Freakonomics: A Rogue Economist Explores the Hidden Side of Everything is the debut non-fiction book by University of Chicago economist Steven Levitt and New York Times journalist Stephen J. Dubner. Published on April 12, 2005, by William Morrow, the book has been described as melding pop culture with economics. By late 2009, the book had sold over 4 million copies worldwide. Based on the success of the original book, Levitt and Dubner have grown the Freakonomics brand into a multi-media franchise, with a sequel book, a feature film, a regular radio segment on National Public Radio, and a weekly blog.
Paul Feldman is the "Bagel Man" mentioned in Freakonomics by Levitt and Dubner, a man who started his own business selling bagels instead of pursuing his old occupation as director of non-defense research at the Center for Naval Analyses. He would leave bagels next to a box with a slit in the top in an office building, leaving a sign asking whoever took a bagel to give money in return.
Stephen Joseph Dubner is an American author, journalist, and podcast and radio host. He is co-author of the popular Freakonomics book series and host of Freakonomics Radio.
Emily Fair Oster is an American economist and bestselling author. After receiving a B.A. and Ph.D. from Harvard in 2002 and 2006 respectively, Oster taught at the University of Chicago Booth School of Business. She later moved to Brown University, where she is Professor of Economics. Her research interests span from development economics and health economics to research design and experimental methodology. Her research has received exposure among non-economists through The Wall Street Journal, the SuperFreakonomics bestseller book, and her 2007 TED Talk, among other media sources.
Sudhir Alladi Venkatesh is an American sociologist and urban ethnographer. He is William B. Ransford Professor of Sociology & African-American Studies at Columbia University, a position he has held continuously since 1999. In his work, Venkatesh has studied gangs and underground economies, public housing, advertising and technology. As of 2018, he is the Director of Signal: The Tech & Society Lab at Columbia University.
Freedomnomics: Why the Free Market Works and Other Half-Baked Theories Don't is a book by writer and public policy researcher John R. Lott, Jr., author of previous works More Guns, Less Crime and The Bias Against Guns. Freedomnomics takes an economic look at the effects of the free market, and presents some arguments against those found in Freakonomics by Steven D. Levitt and Stephen J. Dubner. The publications The American and National Review ran positive reviews, with critic Robert VerBruggen stating that Lott "renders lots of charts, graphs and statistical analysis into clear, uncomplicated conversation."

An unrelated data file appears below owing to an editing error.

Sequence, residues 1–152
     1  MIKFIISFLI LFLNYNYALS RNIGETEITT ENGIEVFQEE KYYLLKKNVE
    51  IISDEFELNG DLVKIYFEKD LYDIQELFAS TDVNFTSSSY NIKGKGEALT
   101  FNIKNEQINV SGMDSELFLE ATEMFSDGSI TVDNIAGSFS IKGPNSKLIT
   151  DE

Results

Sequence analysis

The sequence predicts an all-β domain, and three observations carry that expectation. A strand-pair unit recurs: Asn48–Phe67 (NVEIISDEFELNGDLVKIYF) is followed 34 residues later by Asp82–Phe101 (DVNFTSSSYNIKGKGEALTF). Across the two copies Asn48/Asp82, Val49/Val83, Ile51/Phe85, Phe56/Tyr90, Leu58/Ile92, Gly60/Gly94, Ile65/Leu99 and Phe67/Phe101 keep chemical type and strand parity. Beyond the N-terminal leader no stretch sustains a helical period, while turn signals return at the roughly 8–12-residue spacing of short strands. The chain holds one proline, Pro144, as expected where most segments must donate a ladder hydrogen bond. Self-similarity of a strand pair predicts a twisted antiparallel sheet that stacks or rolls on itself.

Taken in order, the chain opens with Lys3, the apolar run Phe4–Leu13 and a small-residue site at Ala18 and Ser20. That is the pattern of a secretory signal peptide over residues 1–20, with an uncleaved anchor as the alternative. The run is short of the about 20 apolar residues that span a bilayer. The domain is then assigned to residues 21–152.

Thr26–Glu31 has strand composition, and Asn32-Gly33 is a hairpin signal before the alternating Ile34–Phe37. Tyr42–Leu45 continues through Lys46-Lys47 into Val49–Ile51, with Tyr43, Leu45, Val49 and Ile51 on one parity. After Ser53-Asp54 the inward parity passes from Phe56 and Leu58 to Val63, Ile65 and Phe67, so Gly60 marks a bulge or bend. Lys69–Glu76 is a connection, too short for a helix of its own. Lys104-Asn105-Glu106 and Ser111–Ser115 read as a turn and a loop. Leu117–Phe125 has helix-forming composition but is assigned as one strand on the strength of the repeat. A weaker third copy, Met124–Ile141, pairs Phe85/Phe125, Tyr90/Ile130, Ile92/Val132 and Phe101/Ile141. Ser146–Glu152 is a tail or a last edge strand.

Decree 770 was a decree of the communist Romanian government of Nicolae Ceaușescu, signed in 1967. It restricted abortion and contraception, and was intended to create a new and large Romanian population. The term Decreței is used to refer to those Romanians born during the time period immediately following the decree.
Robin Goldstein is an American author, food and wine critic, and economics pundit. He is known for his books and articles questioning conventional wisdom and pricing in the food and wine industries, particularly a widely publicized exposé of Wine Spectator magazine, and for his writing on the Freakonomics blog. He is author of several books, including The Wine Trials and The Beer Trials. Goldstein was also one of the subjects of Think Like a Freak, the 2014 book by Freakonomics authors Steven Levitt and Stephen Dubner.
Race is one of the correlates of crime receiving attention in academic studies, government surveys, media coverage, and public concern.
SuperFreakonomics: Global Cooling, Patriotic Prostitutes, and Why Suicide Bombers Should Buy Life Insurance is the second non-fiction book by University of Chicago economist Steven Levitt and The New York Times journalist Stephen J. Dubner, released in early October 2009 in Europe and on October 20, 2009 in the United States. It is a sequel to Freakonomics: A Rogue Economist Explores the Hidden Side of Everything.
Freakonomics: The Movie is a 2010 American documentary film based on the 2005 book Freakonomics: A Rogue Economist Explores the Hidden Side of Everything by economist Steven D. Levitt and writer Stephen J. Dubner. The film premiered at the Tribeca Film Festival in April 2010 with a theatrical release later in the year. On Rotten Tomatoes the film has an approval rating of 66% based on reviews from 64 critics.
John J. Donohue III is a law professor, economist, and the C. Wendell and Edith M. Carlsmith Professor of Law at Stanford Law School. He is widely known for his writings on effect of legalized abortion on crime and for his criticism of John Lott's book More Guns, Less Crime.
Think Like a Freak: The Authors of Freakonomics Offer to Retrain Your Brain is the third non-fiction book by University of Chicago economist Steven Levitt and New York Times journalist Stephen J. Dubner. The book was published on May 12, 2014 by William Morrow.
The crime drop or crime decline is a pattern observed in many countries whereby rates of many types of crime declined by 50% or more beginning in the mid to late 1980s and early 1990s.